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Travel Sector Starting To Bounce Back

Businesses across the country have been hit hard due to the White House’s stay-at-home orders, with many losing business as they have been forced to shut up shop.

However the country’s orders to stay home did not keep everyone away from the beaches and parks over the last few weekends, prompting travel industry experts to predict continued business in these areas over the upcoming months.

And with many states starting to ease the restrictions put in place because of coronavirus, thousands of Americans are expected to head out for day trips and short breaks. However research shows that we are still worried about the possibility of catching covid-19 so will opt for a road trip rather than step onto a plane. Recent images emerging from a crowded American Airlines flight has done little to reduce the level of worry that is currently being seen.

CEO and president of tourism market research consultancy Longwoods International believes ‘there is this pent-up demand for travel.”

Amir Eylon continues, “What you’re first going to see is day trips, [people] going wherever [they] can get to in a couple hours and coming back home that day.”

However the accommodation and movie industries are not predicted to see any return for the foreseeable future with Americans confirming they are worried about catching the virus in confined spaces, preferring to explore the countryside instead.

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The National Park Service has already started to get ready for what they believe will be an increase in visitors to their federal parks. Working on a “park-by-park” basis they are putting plans in place, which comply with health and safety government guidelines from the Center for Disease Control and Prevention (CDC).

As with other industries, economists agree that how we act within the next few months will be a crucial aspect to how our economy can recover. So far, the travel industry has lost around eight million jobs due to the coronavirus pandemic with airlines including American Airlines, Delta and Boeing having to make layoffs as well as car rental companies Hertz laying off 10,000 of their employees as well as Avis. Research company Tourism Economics confirms the sector was the hardest hit, with business suffering more than nine times as much than after 9/11.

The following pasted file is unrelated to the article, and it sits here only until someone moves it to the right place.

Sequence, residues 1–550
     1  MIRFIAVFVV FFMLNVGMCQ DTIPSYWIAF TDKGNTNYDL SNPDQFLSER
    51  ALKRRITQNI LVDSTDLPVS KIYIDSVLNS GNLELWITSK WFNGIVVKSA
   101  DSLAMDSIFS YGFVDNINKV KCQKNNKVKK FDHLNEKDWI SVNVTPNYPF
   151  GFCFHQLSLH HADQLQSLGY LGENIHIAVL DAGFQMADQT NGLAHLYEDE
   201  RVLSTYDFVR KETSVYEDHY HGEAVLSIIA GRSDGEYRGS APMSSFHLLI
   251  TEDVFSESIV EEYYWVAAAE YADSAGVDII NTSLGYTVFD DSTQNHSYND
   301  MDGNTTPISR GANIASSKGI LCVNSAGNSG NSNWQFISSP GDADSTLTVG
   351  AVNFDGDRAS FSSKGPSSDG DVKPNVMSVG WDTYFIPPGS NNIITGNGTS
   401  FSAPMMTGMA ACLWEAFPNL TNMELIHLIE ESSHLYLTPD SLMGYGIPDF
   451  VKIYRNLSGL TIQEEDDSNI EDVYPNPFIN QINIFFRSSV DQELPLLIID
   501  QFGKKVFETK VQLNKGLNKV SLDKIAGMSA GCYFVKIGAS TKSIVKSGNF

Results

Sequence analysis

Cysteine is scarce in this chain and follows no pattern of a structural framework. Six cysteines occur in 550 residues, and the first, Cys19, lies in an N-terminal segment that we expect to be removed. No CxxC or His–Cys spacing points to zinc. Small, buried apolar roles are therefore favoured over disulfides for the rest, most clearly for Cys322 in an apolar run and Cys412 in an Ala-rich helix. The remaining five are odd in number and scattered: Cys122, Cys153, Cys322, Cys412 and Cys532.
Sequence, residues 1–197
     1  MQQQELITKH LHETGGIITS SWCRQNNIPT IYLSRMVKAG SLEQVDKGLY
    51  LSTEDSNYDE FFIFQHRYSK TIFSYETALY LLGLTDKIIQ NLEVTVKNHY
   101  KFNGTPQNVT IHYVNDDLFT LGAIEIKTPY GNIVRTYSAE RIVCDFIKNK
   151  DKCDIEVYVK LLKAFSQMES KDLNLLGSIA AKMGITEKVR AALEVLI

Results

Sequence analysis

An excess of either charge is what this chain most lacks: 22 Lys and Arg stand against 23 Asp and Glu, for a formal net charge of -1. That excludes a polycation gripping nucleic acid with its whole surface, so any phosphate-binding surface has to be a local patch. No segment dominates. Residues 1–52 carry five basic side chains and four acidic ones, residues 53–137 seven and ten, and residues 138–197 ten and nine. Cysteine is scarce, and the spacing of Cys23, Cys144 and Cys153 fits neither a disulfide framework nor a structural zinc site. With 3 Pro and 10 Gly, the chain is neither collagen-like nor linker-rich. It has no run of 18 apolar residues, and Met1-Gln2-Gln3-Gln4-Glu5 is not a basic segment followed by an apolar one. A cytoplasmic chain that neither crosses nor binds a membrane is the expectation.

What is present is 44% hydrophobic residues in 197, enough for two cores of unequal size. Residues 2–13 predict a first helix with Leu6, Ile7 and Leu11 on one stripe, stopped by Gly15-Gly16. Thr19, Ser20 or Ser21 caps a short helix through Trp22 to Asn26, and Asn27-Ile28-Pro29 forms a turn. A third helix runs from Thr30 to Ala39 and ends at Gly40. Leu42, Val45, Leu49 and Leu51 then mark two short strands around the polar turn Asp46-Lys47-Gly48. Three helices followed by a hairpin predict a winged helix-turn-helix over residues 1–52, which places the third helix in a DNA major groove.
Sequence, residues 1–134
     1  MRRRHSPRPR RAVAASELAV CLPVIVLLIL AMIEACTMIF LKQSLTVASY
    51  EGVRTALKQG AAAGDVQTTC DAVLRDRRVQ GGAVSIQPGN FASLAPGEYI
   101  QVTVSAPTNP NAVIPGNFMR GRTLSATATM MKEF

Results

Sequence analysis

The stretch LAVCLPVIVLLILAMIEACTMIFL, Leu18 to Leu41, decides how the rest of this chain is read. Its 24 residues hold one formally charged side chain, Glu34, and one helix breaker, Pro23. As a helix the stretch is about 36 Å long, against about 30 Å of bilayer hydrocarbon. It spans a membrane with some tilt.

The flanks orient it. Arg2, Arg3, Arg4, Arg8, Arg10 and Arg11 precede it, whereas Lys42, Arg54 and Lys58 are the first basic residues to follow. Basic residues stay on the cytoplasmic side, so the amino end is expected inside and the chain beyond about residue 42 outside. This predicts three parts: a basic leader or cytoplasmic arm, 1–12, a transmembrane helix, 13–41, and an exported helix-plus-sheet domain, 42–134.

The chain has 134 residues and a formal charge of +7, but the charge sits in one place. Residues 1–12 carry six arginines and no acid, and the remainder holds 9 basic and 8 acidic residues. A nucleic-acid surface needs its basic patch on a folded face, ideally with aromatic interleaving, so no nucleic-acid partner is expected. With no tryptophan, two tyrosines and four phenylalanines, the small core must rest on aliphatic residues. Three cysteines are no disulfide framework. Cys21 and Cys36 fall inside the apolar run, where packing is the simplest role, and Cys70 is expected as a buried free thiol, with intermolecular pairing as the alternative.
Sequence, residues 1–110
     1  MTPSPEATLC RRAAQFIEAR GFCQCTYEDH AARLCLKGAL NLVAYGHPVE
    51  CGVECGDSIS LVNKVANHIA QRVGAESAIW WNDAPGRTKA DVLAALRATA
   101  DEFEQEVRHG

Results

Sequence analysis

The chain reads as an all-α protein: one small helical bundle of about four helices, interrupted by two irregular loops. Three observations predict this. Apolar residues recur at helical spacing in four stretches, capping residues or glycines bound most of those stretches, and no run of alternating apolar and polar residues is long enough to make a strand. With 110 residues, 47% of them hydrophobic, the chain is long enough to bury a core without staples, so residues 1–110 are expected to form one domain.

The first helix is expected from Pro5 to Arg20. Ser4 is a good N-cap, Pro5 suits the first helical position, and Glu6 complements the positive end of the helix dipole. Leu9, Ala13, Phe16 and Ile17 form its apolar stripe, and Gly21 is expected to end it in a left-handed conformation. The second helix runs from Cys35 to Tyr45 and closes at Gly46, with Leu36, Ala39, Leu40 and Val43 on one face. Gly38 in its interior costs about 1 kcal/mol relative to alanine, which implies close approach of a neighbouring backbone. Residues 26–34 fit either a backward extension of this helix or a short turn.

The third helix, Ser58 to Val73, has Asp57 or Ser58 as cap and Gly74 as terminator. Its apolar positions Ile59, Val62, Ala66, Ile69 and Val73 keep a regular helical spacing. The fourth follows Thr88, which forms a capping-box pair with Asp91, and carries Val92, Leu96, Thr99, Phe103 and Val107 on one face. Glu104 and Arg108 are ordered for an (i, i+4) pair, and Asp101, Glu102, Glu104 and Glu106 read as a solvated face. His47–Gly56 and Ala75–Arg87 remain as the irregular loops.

The US Travel Association’s president and chief executive officer Roger Dow commented, “When travel is down, everything else is down. When travel comes back, everything else comes back.”

The beginning of March saw a huge dive in business thanks to 58 per cent of Americans cancelling their vacation plans, some for up to six months, with coronavirus being the main reason. However the numbers continued to rise and by the end of March – and for most of April – 84% of Americans decided they would not travel.

However a survey by Longwoods at the end of April saw the low demand drop to only 67 per cent, with 86 per cent of those surveyed admitting they were considering traveling to a domestic location within the next six months.

And the most recent survey saw that during the next six months only 8% of Americans would not be traveling while only 4% said they would be happy to travel overseas.

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Adam Sacks, president of the Tourism Economics research firm said, “People are going to be traveling and taking summer vacations this summer, it’s just going to be different. Traveling is going to be weighted towards traveling within one’s driving region.”

However there are still grave concerns that international travel will take longer to recover as passengers continue to worry about how different countries are handling the crisis. It is also clear that travelers wishing to head to America are still concerned due to the way that Trump has been seen to ‘poorly’ handle the crisis.

Sacks said, “There’s a little bit of a silver lining there. All of those outbound trips, many of those will get diverted into domestic trips. That’s going to offset some of the declines from [foreigners choosing not to] travel into the US.”

Adara chief marketing officer Carolyn Corda agrees that travelers are opting for cars rather than planes saying, “The idea that people are going to be driving for vacations, I think that’s true… a lot of people are saying it’s going to be the year of the road trip.”

Dow continues that so long as we continue to maintain social distancing recommendations and adhere to health and safety recommendations business should continue to improve. “There might be some earlier economic winners. Some areas are going to come back faster.”

However with some states already lifting restrictions there is a worry that business could suffer more if – like in Georgia – a second wave starts to grow due to businesses being able to open too early.

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